Hackers Used Stolen NSA Tool To Conduct Global Cyberattacks NPR's Robert Siegel talks to Craig Timberg of The Washington Post about the tool hackers stole from the National Security Agency to conduct massive cyberattacks around the world on Friday.
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Hackers Used Stolen NSA Tool To Conduct Global Cyberattacks

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Hackers Used Stolen NSA Tool To Conduct Global Cyberattacks

Hackers Used Stolen NSA Tool To Conduct Global Cyberattacks

Hackers Used Stolen NSA Tool To Conduct Global Cyberattacks

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  • <iframe src="https://www.npr.org/player/embed/528166439/528166440" width="100%" height="290" frameborder="0" scrolling="no" title="NPR embedded audio player">
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NPR's Robert Siegel talks to Craig Timberg of The Washington Post about the tool hackers stole from the National Security Agency to conduct massive cyberattacks around the world on Friday.

ROBERT SIEGEL, HOST:

Craig Timberg reports that the ransomware used in this attack apparently took advantage of a software vulnerability discovered by the National Security Agency. He's a national technology reporter with The Washington Post. He's also covering this story. Welcome to the program.

CRAIG TIMBERG: Thanks, Robert.

SIEGEL: And what's the NSA connection here?

TIMBERG: The NSA spends a lot of its time looking for vulnerabilities in software so that it can spy on people around the world. That's the job of the agency. And so this group called Shadow Brokers managed to get their hands on a bunch of these vulnerabilities and release them on the internet. It appears to be one of these things that was actually used in the attacks today.

SIEGEL: Now, Microsoft had released a patch fixing that flaw. That was in March. But it seems that many, many computers were vulnerable to this attack. Why?

TIMBERG: Indeed, you know, the patch that Microsoft released came out even before the - this document describing the vulnerability that the NSA had found (laughter) was made public. So in a perfect world, everyone patches their Microsoft software. This kind of attack doesn't become a problem. But the reality is that people don't update their computers. And one of the things we're learning is how many people and how many (laughter) parts of the world are failing to update their computers in a timely way.

SIEGEL: But we're not just talking about people. We're talking about some very big institutions. And you write that the health care industry is the easiest to exploit. Briefly, why is that?

TIMBERG: So hospitals, doctors offices, et cetera use a huge amount of computers and software technology, but updating that software tends not to be a top priority of theirs. It's also the case that sometimes regulations affect how quickly you can update. There's all sorts of HIPAA laws involving personal information. So health care has traditionally really lagged behind other industries in keeping itself secure by updating software, getting new hardware and generally sort of tightening up its ship.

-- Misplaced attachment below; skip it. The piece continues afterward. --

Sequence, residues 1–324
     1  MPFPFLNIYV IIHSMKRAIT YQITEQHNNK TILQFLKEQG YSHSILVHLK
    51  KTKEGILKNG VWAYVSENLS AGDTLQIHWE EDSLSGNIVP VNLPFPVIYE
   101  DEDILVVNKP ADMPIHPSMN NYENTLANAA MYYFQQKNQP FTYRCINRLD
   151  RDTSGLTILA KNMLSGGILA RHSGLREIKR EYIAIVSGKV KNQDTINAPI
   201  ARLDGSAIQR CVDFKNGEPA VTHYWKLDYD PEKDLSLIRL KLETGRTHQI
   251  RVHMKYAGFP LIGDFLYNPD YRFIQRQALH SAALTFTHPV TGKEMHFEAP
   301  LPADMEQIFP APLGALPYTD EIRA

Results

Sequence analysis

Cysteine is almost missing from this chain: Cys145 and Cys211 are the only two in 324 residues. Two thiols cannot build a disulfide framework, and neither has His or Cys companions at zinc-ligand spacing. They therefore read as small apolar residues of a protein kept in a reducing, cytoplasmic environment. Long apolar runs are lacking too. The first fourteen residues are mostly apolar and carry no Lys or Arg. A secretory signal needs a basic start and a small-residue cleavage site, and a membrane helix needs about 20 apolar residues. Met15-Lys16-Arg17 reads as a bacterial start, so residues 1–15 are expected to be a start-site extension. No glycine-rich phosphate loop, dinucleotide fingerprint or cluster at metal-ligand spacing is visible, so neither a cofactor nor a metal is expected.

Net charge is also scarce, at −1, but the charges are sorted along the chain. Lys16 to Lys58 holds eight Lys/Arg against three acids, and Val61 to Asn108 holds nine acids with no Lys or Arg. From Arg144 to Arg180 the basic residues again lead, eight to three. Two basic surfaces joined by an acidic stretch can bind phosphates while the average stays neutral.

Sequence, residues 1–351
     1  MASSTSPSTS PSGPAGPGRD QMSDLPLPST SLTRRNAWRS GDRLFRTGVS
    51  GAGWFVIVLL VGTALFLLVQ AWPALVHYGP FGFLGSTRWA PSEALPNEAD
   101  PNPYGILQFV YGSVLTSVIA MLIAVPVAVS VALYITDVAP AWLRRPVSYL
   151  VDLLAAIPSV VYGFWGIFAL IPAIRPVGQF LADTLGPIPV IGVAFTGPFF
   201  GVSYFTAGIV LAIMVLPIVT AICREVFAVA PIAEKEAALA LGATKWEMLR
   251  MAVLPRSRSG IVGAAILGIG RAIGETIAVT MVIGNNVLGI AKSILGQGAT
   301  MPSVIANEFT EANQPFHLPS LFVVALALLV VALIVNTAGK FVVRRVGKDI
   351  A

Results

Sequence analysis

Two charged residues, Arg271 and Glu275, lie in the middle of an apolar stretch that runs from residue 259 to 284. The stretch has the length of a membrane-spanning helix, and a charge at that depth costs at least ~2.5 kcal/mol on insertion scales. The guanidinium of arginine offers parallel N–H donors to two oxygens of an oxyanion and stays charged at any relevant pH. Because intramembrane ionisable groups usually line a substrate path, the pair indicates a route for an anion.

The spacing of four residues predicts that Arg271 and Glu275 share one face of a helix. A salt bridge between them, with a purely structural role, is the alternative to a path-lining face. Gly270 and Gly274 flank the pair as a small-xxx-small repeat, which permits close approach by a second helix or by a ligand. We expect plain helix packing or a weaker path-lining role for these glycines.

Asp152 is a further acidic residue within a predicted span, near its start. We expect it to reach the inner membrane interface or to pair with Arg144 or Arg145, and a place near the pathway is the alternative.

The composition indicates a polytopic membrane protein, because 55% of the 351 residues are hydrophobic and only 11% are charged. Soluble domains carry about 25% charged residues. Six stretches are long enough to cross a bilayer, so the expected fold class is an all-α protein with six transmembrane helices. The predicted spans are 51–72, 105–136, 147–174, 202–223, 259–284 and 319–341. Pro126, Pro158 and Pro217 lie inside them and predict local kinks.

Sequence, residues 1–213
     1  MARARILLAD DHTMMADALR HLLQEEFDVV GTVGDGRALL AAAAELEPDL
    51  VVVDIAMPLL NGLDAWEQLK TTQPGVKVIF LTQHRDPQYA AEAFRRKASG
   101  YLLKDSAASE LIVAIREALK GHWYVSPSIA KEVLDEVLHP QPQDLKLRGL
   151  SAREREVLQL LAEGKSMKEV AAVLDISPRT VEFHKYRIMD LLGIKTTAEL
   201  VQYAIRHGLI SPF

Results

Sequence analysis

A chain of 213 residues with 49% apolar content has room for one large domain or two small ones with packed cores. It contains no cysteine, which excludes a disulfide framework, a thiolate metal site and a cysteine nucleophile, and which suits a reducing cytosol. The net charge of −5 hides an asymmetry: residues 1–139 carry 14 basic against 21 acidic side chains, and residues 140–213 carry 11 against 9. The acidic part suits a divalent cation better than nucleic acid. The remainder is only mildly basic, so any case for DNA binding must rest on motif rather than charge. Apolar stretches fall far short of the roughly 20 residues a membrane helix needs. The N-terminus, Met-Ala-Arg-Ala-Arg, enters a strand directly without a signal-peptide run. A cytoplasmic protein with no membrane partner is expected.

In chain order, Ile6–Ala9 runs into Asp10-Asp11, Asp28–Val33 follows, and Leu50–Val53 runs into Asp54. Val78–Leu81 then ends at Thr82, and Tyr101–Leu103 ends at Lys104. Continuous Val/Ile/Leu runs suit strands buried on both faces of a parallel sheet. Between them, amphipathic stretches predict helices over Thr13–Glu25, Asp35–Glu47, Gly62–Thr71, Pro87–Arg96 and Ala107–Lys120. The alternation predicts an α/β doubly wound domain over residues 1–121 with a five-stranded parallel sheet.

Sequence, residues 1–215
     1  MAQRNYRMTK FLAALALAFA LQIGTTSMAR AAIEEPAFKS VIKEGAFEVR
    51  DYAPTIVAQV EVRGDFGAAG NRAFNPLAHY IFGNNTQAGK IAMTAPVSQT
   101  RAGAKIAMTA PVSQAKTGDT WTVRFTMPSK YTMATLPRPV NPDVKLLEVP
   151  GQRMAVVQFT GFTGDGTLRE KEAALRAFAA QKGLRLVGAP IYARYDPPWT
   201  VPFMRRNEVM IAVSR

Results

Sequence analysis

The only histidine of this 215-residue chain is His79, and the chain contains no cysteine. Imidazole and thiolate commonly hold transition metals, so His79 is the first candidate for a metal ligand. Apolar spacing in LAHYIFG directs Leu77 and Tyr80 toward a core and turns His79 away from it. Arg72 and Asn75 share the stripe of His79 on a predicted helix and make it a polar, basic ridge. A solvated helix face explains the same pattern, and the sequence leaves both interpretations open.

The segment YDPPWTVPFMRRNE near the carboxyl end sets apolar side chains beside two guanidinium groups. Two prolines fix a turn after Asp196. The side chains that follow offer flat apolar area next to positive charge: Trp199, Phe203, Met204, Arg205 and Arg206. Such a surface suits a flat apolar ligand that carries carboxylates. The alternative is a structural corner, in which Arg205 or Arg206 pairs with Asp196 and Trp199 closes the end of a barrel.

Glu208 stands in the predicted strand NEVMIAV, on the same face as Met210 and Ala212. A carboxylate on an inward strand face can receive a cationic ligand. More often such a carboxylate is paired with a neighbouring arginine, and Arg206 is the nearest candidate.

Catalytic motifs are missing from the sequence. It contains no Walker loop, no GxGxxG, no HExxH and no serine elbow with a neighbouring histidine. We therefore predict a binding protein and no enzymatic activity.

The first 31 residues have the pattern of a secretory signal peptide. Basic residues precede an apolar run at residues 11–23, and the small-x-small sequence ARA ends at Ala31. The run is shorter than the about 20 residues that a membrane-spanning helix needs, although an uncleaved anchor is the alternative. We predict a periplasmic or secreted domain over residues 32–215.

SIEGEL: And the stakes can be life or death. You write about someone whose surgery was canceled today because of the ransomware attack.

TIMBERG: Indeed, and if nobody dies today because of this, we'll have to consider that a very happy turn of events because (laughter), as anyone who's ever been to a hospital knows, these things run on computers. And the world is incredibly dependent on these machines working properly, so when an attack like this happens, it's frankly very terrifying.

SIEGEL: Let's talk about the scale of this attack. It's big. It's in many, many countries. Is it a record-breaking attack? Is it very unusual? What would you say?

TIMBERG: It certainly is unusual in terms of its scope and essentially the amount of damage it's done. It's not unusual for a worm to get loose and affect, you know, a gazillion computers around the world. But this is unusual. This isn't just a worm that, you know, flashes some funny messages. This actually shut down computers. It shut down entire computer systems. So the scale on the sweep does seem very unusual. A number of analytics folks have said that we're talking about many dozens of countries- 70, 80, 90 - affected. And the numbers of computers are in the tens of thousands, maybe in the hundreds of thousands once people get around to counting all of them.

SIEGEL: Do you know who is behind this attack?

TIMBERG: I wish I did. I can tell you a lot of folks are trying to figure that out right now. These ransomware attacks - they're very pernicious. They're very common, and they're incredibly hard to track. And it'll take a lot of detective work to figure out who put this thing together.

SIEGEL: That's Craig Timberg, national technology reporter at The Washington Post. Craig, thanks for talking with us today.

TIMBERG: It was my pleasure.

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